Kay’s Cuts: New US processor entrants face hurdles

Steve Kay, 09/07/2021

A monthly column written for Beef Central by US red meat industry commentator, Steve Kay, publisher of US Cattle Buyers Weekly





CATTLE producers in the United States, as I wrote in my June column, are fixated on a perceived lack of processing capacity in the beef industry.

They have persuaded the US Department of Agriculture and numerous members of Congress to take steps to provide more capacity.

So it’s especially ironic that separate moves to add new processing plants have suddenly become all the rage – moves that the three groups above have yet to acknowledge.

Another newly-formed beef company announced plans on June 23 to build a US$325 million beef processing plant in southwest Iowa. Cattlemen’s Heritage, an investor-owned corporation led by Chad Tentinger, plans to build a plant that will process 1500 head per day or 400,000 head per year.

Construction is set to begin next northern hemisphere spring. The plant is expected to employ 750 people when it begins operating in late 2023.

The company’s announcement follows a flurry of announcements earlier this year and last year about expansion plans at existing US beef plants, or plans for new facilities. Another new company, Sustainable Beef, announced in March its intention to build a new US$200 million,  1500 head per day plant in North Platte, Nebraska.

Fifth largest beef processor American Foods Group last month announced plans to build a new plant as well. Eight announcements since last August means that beef processing capacity will increase industry-wide by 6700 head per day if all the plans come to fruition. That is on top of about 135,000 head per day now.

The goal of Cattlemen’s Heritage is to help young farmers get started in the cattle business, says Chad Tentinger. The company expects to process cattle from Iowa, Nebraska and South Dakota,  focussing on buying cattle from small, family-owned operations.

The company has no interest in buying its cattle from a couple of large feedlots. It wants as to buy cattle from as many producers as possible, he says.

Labour challenge

This goal is laudable. But it begs several questions that also apply to the proposed Sustainable Beef plant in Nebraska.

The first is: Where do these plants expect to get enough workers to fully operate their plants? I noted in my June column on Beef Central that lack of labour, not processing capacity, is what currently bedevils the US beef processing industry.

A labor shortage has been growing for several years and the COVID-19 pandemic exacerbated the shortage. Workers left their jobs and despite packers raising starting wages to US$22 per hour and offering signing bonuses and even free college tuition for workers’ children (as JBS USA has done), many workers decided not to return to their old jobs.

The result is that many US beef, pork and poultry plants are running 10pc to 15pc below capacity, as Tyson Foods disclosed in May.

Drought impact

My second question relates to supply. Live cattle numbers currently remain ample. The June 1 Cattle on Feed total was up only 0.2pc on a year ago. But it was the second largest June 1 number in USDA’s data series.

That will change going forward mainly because of the severe drought that is getting worse by the week across more of the US. By the time new plants come on stream, the available fed cattle supply might be one million head less than today because of herd liquidation this year and in 2022 and 2023.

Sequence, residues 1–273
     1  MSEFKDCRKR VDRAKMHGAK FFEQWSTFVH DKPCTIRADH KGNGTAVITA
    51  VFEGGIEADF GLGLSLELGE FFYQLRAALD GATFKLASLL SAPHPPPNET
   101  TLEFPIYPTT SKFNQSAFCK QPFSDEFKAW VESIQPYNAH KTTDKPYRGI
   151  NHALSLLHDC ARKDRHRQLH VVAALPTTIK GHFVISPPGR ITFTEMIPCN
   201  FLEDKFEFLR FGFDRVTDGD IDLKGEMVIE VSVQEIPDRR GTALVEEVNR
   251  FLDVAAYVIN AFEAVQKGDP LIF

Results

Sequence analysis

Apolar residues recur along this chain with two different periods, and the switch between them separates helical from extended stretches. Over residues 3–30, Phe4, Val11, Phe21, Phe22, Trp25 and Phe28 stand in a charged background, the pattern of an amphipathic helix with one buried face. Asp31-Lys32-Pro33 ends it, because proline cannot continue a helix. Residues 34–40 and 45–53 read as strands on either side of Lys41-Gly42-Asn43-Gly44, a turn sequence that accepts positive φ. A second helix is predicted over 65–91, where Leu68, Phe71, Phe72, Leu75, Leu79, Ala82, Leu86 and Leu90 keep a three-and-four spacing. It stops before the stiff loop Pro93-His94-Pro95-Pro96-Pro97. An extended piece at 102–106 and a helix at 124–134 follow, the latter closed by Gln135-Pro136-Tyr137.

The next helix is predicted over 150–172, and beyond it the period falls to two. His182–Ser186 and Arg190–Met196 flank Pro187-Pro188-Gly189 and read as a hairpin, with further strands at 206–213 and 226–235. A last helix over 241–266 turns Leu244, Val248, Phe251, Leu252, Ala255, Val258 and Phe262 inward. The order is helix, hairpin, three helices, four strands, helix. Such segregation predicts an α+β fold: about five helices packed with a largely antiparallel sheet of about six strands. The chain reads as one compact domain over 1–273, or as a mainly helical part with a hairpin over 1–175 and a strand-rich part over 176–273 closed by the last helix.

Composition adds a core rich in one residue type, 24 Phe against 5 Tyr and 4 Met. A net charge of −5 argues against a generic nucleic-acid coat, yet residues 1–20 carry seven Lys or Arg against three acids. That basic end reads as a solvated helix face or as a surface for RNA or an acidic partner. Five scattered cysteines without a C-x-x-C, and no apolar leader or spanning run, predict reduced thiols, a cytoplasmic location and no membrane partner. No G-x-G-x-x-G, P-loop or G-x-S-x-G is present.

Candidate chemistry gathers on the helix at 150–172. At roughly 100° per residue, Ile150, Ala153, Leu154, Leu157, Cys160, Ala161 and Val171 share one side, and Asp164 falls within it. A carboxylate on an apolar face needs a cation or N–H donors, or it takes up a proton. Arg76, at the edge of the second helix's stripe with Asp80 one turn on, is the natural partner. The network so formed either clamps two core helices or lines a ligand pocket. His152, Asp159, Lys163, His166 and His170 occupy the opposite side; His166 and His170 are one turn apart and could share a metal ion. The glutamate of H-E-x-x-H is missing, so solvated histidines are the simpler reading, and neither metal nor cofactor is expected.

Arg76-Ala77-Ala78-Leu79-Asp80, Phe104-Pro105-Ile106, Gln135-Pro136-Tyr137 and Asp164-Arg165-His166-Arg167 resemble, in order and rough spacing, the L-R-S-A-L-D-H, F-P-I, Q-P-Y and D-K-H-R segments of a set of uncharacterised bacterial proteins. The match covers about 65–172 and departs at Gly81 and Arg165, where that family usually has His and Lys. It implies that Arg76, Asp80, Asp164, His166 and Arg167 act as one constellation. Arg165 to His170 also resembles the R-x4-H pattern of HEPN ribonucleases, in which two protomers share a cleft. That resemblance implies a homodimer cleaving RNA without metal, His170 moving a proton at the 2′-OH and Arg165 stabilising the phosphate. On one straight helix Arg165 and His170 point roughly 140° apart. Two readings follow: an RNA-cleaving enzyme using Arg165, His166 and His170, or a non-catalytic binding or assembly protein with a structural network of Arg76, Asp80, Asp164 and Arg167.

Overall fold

That is more than what the two new plants would harvest annually. As much as these plants hope small cattle feeders will support them, the reality is that existing players, national or regional, will do their utmost to outbid them for the best cattle.

My third question relates to beef marketing. Nowhere have I seen any mention by the two newly-formed companies of what kind of beef products they intend to produce and how they might differentiate them from the beef produced weekly by existing players.

These players still produce largely commodity beef. But they also have dozens of value-added, branded beef programs that are well-established. These programs provide double-digit operating margins that are far above commodity beef margins. How will the new firms compete with all this?

Veteran meat marketing guru Mack Graves in a recent article made several highly pertinent comments on the topic.

“My fundamental problem with the hunger for more capacity is that the new folks and some of the old proposing to convince investors to support their “build it and they will come” desires, start and end with cattle slaughter/processing,” he said.

“Beef marketing is almost an afterthought. As I review the business rationale stated for the new plants, it is that is the big boys are screwing us, and we aren’t going to take it anymore – so we’ll build our own plants that will be more efficient.”

The beef industry is dominated by the production side of the house, says Graves, with little resources being applied to beef marketing in forms unimagined today but needed for the industry to grow and prosper in the face of continued chicken expansion and alt-meat products’ market incursions.

His concern is that the plant building spree will only result in exacerbated over-capacity, resulting in those who are under-capitalised from the get-go losing money faster than they can count it. And cattle producers lose again, he says.

I agree with Graves, as that has already occurred several times in the US in the past 20 years.








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